KUNM welcomes local news fellow Jeanette DeDios
You may have noticed a new voice on your radio this month. KUNM is excited to welcome Jeanette DeDios to the team. She’s from the Jicarilla Apache and Diné Nations but grew up in Albuquerque. DeDios is one of five recent New Mexico graduates awarded a Local News Fellowship.
JEANETTE DEDIOS: So, the fellowship is a nine-month program where we're placed in a local newsroom from around New Mexico. This nine months, it really gives us a time to gain hands-on experience and learn from mentors.
KUNM: And who runs the fellowship?
DEDIOS: The Local News Fund. Before we're actually in our newsrooms, they have sort of like a boot camp. So, it's week where they teach us sort of like the basics of journalism and reporting. And we get to talk to current journalists, where they're able to talk about their career and how they got there. So, it's really a great program that teaches us sort of a segue into our careers.
KUNM: Very cool. And now, the fellowship, you said, is for recent graduates. What did you study? What did you recently graduate in? And from where did you graduate?
DEDIOS: Yeah. So I graduated from UNM this past semester in the spring. And I double majored, actually, in Multimedia Journalism and English. And formerly, I got a degree in Media Arts.
KUNM: This position you have here at KUNM, it's not your first time working in a newsroom. Is that right?
DEDIOS: No, actually. So, I was interning for New Mexico PBS beforehand. And that was a time where I was able to sort of learn how to do film in a TV setting. You know, because TV and film are very different from each other. Before then, I worked for the Daily Lobo and the New Mexico News Port.
KUNM: The Daily Lobo is UNM's student newspaper. And what is the News Port?
DEDIOS: The New Mexican News Port is primarily for journalism classes. You know, if you're taking a journalism class, then we sort of filter your stories that you're working on through there.
KUNM: You were at the News Port during the local elections last November, what was that like?
DEDIOS: Initially, I wasn't too interested in politics until I was given a story about bonds. Thinking, 'okay, great... bonds.' It, you know, it's not too exciting. So, I figured I might as well learn as much as I can, and try to make it so that the everyday person understands what's happening and how their taxpayer money is being spent. Afterwards, I had a friend reach out to me and say, 'hey, I read your piece. And it really helped me when I was voting.' You know, this was one of the times where I felt the importance of reporting, no matter how stale a piece may be.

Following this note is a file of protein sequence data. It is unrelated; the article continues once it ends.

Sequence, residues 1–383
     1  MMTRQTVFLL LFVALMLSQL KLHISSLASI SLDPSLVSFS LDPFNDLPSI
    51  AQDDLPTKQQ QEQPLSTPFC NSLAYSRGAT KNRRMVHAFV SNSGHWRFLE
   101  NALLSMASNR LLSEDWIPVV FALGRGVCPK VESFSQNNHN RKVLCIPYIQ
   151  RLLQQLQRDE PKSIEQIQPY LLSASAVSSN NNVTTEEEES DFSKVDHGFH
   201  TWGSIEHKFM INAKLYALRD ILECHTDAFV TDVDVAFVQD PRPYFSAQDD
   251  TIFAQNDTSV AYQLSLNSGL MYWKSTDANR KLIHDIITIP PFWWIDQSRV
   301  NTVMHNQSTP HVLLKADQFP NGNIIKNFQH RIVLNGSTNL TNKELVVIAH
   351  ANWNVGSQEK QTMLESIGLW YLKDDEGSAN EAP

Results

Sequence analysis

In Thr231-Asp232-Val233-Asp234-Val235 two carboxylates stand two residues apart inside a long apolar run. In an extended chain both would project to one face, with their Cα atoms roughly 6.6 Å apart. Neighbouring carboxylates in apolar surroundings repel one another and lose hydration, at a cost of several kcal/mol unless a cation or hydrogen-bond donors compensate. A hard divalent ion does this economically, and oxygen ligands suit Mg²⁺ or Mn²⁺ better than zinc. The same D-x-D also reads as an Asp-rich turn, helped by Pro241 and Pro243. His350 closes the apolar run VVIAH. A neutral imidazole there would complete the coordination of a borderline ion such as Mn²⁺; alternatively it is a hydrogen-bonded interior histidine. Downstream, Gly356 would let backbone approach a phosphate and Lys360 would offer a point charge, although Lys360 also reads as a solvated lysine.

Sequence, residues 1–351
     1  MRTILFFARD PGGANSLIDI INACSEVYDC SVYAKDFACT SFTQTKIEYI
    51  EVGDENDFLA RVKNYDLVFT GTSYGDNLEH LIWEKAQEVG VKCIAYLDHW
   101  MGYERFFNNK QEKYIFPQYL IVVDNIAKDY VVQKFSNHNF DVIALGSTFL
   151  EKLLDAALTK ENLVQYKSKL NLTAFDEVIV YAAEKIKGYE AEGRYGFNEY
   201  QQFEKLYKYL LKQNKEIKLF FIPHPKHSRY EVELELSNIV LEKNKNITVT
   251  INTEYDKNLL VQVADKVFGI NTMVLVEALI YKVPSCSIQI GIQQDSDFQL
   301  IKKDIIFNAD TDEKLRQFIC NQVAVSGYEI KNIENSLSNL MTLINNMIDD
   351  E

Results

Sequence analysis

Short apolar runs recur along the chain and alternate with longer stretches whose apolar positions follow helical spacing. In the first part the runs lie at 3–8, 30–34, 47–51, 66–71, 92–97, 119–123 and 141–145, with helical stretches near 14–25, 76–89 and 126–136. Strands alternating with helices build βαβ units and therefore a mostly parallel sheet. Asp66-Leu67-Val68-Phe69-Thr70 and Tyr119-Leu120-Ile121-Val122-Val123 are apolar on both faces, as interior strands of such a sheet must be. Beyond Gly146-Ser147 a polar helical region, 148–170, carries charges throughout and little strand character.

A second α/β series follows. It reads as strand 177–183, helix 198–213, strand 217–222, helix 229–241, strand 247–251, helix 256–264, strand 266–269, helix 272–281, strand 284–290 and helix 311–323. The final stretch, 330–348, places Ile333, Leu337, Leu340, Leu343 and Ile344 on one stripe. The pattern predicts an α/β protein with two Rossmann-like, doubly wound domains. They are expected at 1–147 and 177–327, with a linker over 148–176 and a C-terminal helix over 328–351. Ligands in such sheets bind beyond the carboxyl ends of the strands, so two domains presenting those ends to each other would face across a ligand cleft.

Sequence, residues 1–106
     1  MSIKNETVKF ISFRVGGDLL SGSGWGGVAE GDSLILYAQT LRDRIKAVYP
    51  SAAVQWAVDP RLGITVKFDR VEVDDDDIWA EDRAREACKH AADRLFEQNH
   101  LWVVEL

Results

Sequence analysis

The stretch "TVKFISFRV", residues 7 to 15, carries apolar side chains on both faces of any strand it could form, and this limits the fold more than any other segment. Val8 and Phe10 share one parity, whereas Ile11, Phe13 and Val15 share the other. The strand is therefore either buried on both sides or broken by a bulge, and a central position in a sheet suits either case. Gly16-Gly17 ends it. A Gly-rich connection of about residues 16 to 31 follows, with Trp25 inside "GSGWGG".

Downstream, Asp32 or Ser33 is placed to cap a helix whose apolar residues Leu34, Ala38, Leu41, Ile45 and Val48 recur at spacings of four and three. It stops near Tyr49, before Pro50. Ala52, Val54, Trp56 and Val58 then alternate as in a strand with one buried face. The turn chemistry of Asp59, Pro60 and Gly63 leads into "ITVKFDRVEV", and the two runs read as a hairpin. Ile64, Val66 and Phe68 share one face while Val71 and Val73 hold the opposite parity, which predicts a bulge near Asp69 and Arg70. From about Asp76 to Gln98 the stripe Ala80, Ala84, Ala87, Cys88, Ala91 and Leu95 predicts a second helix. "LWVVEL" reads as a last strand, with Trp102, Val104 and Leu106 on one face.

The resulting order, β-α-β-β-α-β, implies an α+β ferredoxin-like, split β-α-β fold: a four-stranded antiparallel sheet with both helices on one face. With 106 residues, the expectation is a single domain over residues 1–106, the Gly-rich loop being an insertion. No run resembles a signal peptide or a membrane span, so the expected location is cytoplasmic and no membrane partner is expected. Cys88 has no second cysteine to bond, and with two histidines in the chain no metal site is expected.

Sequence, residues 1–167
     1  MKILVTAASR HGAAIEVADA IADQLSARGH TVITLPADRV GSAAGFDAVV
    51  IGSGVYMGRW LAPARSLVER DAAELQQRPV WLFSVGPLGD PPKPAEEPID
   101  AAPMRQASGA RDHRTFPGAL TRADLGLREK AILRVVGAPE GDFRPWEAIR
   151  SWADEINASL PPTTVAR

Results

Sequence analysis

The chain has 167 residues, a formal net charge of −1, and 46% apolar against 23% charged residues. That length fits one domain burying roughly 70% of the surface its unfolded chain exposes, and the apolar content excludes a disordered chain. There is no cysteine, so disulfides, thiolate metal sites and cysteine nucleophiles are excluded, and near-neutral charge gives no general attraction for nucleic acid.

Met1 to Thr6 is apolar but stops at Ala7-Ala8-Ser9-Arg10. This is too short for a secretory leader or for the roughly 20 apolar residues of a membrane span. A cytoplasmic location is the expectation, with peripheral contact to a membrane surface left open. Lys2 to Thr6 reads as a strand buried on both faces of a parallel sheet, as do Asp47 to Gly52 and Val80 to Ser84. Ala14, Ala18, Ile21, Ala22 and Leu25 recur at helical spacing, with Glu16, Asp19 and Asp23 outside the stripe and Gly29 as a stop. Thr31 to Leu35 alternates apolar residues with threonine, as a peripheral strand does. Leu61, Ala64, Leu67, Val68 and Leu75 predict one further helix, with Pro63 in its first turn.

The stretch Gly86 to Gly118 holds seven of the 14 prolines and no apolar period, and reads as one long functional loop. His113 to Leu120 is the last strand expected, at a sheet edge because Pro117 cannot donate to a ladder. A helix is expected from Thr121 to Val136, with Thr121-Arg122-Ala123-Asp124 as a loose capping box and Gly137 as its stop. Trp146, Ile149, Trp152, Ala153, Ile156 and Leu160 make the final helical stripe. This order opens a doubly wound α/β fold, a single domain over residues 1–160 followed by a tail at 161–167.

KUNM: No doubt. And so, you have a lot of journalism experience. But you also have this film background that you mentioned. What do you see as related between those two mediums?
DEDIOS: It really comes down to storytelling. For me, one of the most important aspects when creating my senior film project this past year was presenting a community issue and leaving an impact on my audience.
KUNM: And what was the community issue that you decided to highlight?
DEDIOS: I'm Native American, and something that was really important to me was raising awareness for the Missing and Murdered Indigenous Women movement. This has been a common issue for years, but we see hundreds of women going missing each year and no one's doing anything about it.
KUNM: What was the final product that you created?
DEDIOS: So, my film project was called Skinwalker. And what I wanted to do was bring an important topic at hand and put a cinematic lens on it. So, I merged this important aspect with a horror aspect by adding a folklore creature known as a skinwalker. And I did this because I grew up loving horror. I really wanted to create a slasher film. So, I wanted to both inform and scare the crap out of people.
KUNM: Did you think you were successful in that?
DEDIOS: I think so. I had a few jump scares. And, when we premiered, there was a lot of audiences, you know, jumping back. So, I was really proud of that.
KUNM: And now, you're working with us here at KUNM. But you're also working with our media partners over at New Mexico PBS. Why did you want your fellowship to be in broadcast media?
DEDIOS: I spent most of my journalism career working in print media, which is a great medium, but I wanted to use my skills of filmmaking and editing for a new platform. I mean, I'm always open to learning new ways of presenting news, and I felt this was a great opportunity to sort of express that. I mean, I feel like a Swiss Army Knife, where I'm able to pull out different skills at any given time.